Nederlands Dans theater II premieres it’s second touring programme of the season, entitled Symphysis. One of the main goals of the younger company is to introduce the young talents to a broad spectrum of dance languages. Symphysis stands for the coming together of different elements, and therefore the name suits the mixed bill rather well. The packed programme includes two world premieres by guest choreographers Jiří Pokorný and Edward Clug, as well as two revivals by associate choreographers Johan Inger and Alexander Ekman. Once again the young dancers appear to be in line with NDT I, offering their signature mix of technical brilliance and curious contemporary dance.

Opening the evening is Johan Inger’s I New Then, an inventive, spirited and fun choreography challenging the dancers to find their own artistic identity. Four girls and five boys dressed in everyday casual outfits dance to a medley of songs by Van Morrison. The first section is impulsive, wild and free. It shows the dancers soaring around the stage, disorderly performing their own solos and getting involved with each other. Short love stories unfold in the seemingly unstructured choreography, where all dancers are allowed to fully express themselves.
In the following sections the tension mounts and the focus shifts to one couple. After a sugary yet inventive duet music is muted, and the couple moves to the right side of the stage. While they slowly undress each other, a third figure (Spencer Dickhaus) appears. He performs a bizarre solo intimidating the couple and making sounds and aggressive gestures –all in great good humor – that reveal his jealousy. In the last part all dancers re-enter the stage in underwear. The piece is most successful when it allows the dancers to show their individuality and authenticity, something that is best achieved in the opening group choreography and Dickhaus' solo.

Jiří Pokorný's A Honeydew Hunt is captivating from the very beginning. In the darkness and to the subtle sound of rain a woman clad in a black bodysuit crosses the stage. Her slow and grounded movements are controlled by an anonymous figure, whose face is covered by the low curtain. When the fabric goes up a dark and surrealistic world is revealed. The misty woods are magical and daunting at the same time. The dancers, dressed in black coats and some armed with a pair of metal arms, are strangers among nature. Their movements seem to be controlled by an external force, which is intriguing. Yet the choreography seems to stand on its own, and therefore it gets overshadowed by the excessive visual – and sound effects. Nevertheless A Honeydew Hunt is thrilling and appealing. It is Pokorný’s first work for the main stage, and it will be interesting to see what other worlds he can create up there.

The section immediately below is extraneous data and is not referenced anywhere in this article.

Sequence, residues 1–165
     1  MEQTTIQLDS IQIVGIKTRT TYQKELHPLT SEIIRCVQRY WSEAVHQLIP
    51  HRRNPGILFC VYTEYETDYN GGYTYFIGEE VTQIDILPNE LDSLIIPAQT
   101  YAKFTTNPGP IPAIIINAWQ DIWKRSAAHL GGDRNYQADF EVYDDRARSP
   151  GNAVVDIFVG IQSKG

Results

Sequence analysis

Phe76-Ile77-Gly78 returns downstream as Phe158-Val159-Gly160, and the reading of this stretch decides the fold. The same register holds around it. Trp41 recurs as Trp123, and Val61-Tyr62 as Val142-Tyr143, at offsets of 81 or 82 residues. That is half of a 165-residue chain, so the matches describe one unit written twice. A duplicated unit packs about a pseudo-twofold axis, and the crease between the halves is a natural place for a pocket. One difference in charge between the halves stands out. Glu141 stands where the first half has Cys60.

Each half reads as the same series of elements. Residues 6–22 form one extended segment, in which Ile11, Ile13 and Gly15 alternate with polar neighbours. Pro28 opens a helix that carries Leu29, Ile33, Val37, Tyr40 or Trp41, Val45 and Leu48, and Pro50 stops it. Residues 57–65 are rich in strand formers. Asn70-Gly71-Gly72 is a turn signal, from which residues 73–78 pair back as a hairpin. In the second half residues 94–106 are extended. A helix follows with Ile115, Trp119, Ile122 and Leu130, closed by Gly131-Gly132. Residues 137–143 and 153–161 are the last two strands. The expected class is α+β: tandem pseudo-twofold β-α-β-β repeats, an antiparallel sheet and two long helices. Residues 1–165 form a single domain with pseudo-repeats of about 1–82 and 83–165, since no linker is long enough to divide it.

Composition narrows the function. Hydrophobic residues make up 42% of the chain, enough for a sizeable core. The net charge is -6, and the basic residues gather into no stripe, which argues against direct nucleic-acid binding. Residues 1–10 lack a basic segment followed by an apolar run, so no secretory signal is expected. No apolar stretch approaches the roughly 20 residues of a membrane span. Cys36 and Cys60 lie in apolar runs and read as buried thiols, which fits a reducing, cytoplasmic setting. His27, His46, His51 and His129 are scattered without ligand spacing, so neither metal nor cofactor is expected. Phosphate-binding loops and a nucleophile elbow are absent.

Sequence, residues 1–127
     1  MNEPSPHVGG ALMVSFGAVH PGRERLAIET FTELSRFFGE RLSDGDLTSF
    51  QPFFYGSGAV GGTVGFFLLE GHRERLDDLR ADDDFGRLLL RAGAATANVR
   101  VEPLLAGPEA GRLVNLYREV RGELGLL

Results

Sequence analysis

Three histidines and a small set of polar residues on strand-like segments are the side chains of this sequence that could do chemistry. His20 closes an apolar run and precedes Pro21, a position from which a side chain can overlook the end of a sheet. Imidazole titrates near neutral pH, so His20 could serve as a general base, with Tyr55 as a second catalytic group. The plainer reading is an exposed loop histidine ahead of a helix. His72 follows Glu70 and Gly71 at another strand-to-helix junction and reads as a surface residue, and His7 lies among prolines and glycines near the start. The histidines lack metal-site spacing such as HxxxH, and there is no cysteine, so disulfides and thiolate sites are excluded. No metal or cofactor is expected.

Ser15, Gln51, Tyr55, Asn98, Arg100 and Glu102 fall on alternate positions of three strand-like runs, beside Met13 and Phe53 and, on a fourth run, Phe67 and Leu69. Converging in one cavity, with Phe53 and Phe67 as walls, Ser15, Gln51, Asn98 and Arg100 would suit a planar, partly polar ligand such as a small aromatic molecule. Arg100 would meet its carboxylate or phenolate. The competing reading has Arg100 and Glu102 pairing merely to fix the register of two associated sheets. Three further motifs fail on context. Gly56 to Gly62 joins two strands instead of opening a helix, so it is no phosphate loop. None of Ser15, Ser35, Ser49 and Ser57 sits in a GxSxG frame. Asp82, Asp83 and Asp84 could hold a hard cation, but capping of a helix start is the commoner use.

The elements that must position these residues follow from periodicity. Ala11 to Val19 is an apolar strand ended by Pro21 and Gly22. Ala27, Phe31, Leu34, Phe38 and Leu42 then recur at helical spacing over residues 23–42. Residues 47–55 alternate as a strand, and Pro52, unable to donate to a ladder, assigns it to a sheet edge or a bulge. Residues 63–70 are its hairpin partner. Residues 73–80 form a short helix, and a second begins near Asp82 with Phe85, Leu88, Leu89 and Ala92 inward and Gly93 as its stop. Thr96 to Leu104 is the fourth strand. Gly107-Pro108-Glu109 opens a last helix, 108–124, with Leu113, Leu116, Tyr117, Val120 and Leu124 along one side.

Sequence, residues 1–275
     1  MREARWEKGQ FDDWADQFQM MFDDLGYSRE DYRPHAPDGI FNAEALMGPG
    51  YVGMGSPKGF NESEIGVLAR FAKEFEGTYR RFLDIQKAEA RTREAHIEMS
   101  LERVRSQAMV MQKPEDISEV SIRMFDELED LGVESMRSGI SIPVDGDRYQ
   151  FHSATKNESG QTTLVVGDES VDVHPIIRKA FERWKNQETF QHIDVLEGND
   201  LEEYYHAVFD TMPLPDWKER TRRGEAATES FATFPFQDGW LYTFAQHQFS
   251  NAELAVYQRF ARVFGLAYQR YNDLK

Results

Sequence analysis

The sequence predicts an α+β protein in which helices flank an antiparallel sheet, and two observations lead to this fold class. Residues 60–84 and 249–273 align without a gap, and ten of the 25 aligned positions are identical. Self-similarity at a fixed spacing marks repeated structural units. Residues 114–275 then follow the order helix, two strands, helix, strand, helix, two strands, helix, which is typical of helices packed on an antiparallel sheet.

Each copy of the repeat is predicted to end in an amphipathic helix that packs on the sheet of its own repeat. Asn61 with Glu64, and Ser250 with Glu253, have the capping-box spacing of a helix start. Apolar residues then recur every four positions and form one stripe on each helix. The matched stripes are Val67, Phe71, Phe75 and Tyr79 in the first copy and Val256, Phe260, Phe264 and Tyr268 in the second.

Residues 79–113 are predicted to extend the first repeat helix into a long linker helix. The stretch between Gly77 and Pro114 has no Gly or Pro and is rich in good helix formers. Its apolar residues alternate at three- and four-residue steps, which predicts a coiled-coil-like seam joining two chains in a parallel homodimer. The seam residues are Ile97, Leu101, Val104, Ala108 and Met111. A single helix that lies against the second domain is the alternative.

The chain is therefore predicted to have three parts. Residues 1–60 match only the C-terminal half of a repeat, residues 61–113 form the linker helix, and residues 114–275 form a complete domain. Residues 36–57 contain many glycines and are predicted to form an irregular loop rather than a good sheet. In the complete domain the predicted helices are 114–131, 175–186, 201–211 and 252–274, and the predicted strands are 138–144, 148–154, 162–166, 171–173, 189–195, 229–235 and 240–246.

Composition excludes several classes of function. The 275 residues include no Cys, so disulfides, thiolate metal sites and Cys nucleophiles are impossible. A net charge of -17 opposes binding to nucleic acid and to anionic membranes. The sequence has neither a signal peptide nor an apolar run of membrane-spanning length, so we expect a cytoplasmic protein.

The very abstract and sober Mutual Comfort is quite the opposite. Edward Clug’s minimalist movements are in perfect harmony with the music (played live on stage by musicians from the Balletorkest) and work well on the bare stage. The dance is perfectly controlled and includes a lot of details such as subtle contractions. The dancers are inhumanly perfect and emotionless. The piece is interesting, yet not as fascinating and refreshing as some of his earlier works.

Left Right Left Right by Alexander Ekman, is a study of humans movements done in an unconventional and very entertaining way. The dancers are dressed in grey sweat suits and sneakers. The dancing includes stamping and screaming, with occasional balletic movements, all performed in a military disciplined way. One would expect an uninterrupted sequence of movements, but halfway through the curtain comes down and a hilarious video is played, showing the dancers rehearsing the choreography on the streets of The Hague. They get blank looks from passersby while they slowly cross the road or dance on the steps of a public building. During the video a quick change took place, and the dancers appear walking - and eventually dancing - on treadmills. They march in perfect unison, and jump and slide playfully on the machines. It looks simple, but requires a lot of concentration and stamina. A loud voice coming from the sound system tells us the dancers are taking more than 3000 steps. Then we hear the dancers thinking out loud about how much fun or how frightening it is to dance on the treadmills. It gives the piece a fun and personal touch. Left Right Left Right is a true showstopper and a perfect way to end the mixed bill in high spirits.